Ste Radegonde is the patron saint of anything to do with running water, tempests and shipwrecks. Legend has it that when there’s a thunderstorm you should run to her chapel and ring the bell, and that will make the storm abate. I’m sure it’s good advice, but it’s a bit far from Nouzerines! Pilgrims to the chapel also believed that they could see if things were going to go well or otherwise for them by the way the light played on the face of the Saint’s statue.

The statue isn’t there any more but there is this intriguing wooden sculpture.

Ste Radegonde’s chapel is well worth a visit. It’s in a stunning location and is a fascinating building.

Back to our geocaching. The final cache contained a log to sign – but again, we had no pen. Duh. I’d had one in the car ready to put in the rucksack, but where it went to, heaven knows. So we’ll have to redo the trail sometime and sign it. There were a few items to select from as a momento. We took one and replaced it, as is the custom. We also took this. It’s a geocoin, or travel bug. It moves from cache to cache with the mission to travel around Europe. This one is ‘snixx’ and has the ambition of making it to Australia. So, we have two weeks in which to move snixx to another cache for someone else to find and move on. We’ve decided we’d better head southwards for our next geocaching session tomorrow to get snixx going in the right direction! Everyone who finds it in logs this info in on the geocache.com website. That’s where you find all the info on where the various caches are, register ones you’ve introduced, sign up your own geocaching team – we’re team Llamagems –  and find out all about geocaching.

 

Caiti takes five

We’ll be investing in a couple of geocoins to put in caches we create for other geocachers to move around Europe. I think it’s a brilliant idea.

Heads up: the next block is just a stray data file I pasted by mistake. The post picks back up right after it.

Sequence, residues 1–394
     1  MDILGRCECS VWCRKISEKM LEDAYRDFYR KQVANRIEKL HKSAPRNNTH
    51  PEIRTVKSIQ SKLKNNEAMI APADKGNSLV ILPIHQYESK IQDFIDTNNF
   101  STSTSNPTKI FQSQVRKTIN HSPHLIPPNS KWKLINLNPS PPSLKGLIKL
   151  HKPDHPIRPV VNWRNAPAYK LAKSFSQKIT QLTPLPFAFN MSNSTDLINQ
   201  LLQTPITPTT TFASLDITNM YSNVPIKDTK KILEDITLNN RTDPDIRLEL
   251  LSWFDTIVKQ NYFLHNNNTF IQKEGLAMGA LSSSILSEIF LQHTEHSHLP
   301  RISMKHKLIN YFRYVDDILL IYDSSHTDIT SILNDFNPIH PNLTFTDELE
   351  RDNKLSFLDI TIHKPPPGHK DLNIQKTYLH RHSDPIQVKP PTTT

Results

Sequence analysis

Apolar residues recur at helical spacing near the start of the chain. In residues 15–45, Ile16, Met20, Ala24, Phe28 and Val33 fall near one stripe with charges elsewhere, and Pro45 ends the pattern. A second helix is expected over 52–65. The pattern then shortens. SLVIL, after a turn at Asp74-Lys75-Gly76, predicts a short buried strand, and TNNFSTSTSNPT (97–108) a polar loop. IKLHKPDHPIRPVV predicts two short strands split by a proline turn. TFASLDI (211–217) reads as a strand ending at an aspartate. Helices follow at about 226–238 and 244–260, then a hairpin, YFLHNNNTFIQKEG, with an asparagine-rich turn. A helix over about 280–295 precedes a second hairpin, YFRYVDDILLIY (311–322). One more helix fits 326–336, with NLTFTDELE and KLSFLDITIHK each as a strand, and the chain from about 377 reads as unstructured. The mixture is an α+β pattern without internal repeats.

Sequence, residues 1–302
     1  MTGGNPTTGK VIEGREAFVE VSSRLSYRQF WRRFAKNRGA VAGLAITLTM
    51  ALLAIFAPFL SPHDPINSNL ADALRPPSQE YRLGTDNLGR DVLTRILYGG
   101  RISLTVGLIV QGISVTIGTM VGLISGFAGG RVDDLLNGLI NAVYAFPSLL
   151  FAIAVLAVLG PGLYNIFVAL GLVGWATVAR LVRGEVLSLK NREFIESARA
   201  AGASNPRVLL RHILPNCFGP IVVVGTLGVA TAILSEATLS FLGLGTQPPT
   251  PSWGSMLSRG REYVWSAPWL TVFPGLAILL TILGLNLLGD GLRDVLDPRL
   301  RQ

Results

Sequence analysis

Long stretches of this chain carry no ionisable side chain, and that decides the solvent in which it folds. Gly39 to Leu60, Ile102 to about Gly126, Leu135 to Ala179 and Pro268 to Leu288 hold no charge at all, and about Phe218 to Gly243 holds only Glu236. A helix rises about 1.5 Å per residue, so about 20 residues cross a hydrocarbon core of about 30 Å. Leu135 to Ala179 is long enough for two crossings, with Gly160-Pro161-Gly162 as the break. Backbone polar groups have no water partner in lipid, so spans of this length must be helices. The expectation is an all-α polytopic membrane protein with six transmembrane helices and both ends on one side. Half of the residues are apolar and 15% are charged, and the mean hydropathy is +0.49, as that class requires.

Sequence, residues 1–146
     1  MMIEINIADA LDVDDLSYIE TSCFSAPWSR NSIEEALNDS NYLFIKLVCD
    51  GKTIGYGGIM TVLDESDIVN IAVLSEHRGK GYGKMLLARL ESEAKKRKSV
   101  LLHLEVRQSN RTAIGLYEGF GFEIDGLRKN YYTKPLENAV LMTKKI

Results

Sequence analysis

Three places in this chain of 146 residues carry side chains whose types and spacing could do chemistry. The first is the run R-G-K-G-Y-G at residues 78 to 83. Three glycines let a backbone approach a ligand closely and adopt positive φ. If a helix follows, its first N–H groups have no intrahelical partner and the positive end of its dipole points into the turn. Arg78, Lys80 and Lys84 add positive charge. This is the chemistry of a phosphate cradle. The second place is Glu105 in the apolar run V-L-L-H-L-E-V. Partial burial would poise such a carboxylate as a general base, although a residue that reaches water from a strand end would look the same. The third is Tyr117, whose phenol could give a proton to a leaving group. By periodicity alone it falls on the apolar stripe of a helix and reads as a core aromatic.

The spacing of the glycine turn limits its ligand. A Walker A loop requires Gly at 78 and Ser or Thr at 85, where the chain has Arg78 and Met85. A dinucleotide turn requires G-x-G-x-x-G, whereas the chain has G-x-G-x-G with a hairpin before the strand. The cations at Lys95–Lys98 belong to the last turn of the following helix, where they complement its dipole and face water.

Caching in on Christmas – Geocaching, Gold Mines, Muggles and Viaducs

The weather finally cleared on Christmas Eve and, since most of us were feeling better after going down with various coughs and colds, we headed off for a spot of geocaching. Chris, Rors and I haven’t done any for ages, and Caiti and Benj had never had a go. So it seemed a nice way to make the day a bit special.

Chris tracked down four geocaches quite close together not far from Chambon sur Voueize. The first one was labelled as Le Mine d’Or – the Gold Mine at Chatelet. Gold was discovered there in 1886 when the railway station at nearby Budéliere was being built. We had no idea previously that there was a gold mine in the area. It’s currently being restored.

The search for the cache took a while as we were on a fairly busy road so we had to stop searching every time a car came by. You must never let any Muggles see what you’re doing when you’re geocaching. (Non-geocachers are Muggles, in case you were wondering!) Benj eventually came up trumps.

Rather chilly, we moved on to the next spot. There were three caches at different points along a section of currently disused railway track. Now, this is a stretch of the railway line that ran from Montluçon in Allier to Ussel in Corrèze. It was taken out of service in 2008 due to safety issues, but it hasn’t officially been closed. It’s state owned, since it runs through three departéments and two régions, so any definitive decision regarding its future will take a long while. Its condition had been steadily deteriorating since the 1950s apparently and in 2008 it needed 40 million euros of repair work to bring it up to standard. Presumably that’s what all the problem is. It’s a lot of money. However, it’s in a touristy part of Creuse, and has Néris Les Bains and Evaux Les Bains, two thermal spas, on its route. And the countryside around is fantastic. Wait till you see the viaduc in a moment. I hope it will be saved. We need more railways.

Anyway, we set off along the railway line. It’s surprisingly tricky to walk along a railway track.

The sleepers were slippy so we had to walk on the gravel between them. But the sleepers were unevenly spaced so we had to watch our step all the time. But it was still pretty cool. We found the first two caches – Benj, who’s obviously a natural at this, got the first one and I got the second.

Caiti examines a cache

Then we came to the viaduc. Oh boy, it’s incredible. Possibly this is one of the safety issues responsible for the line’s suspension. Caiti and I headed out across it.

The dots in the distance are me and Caits!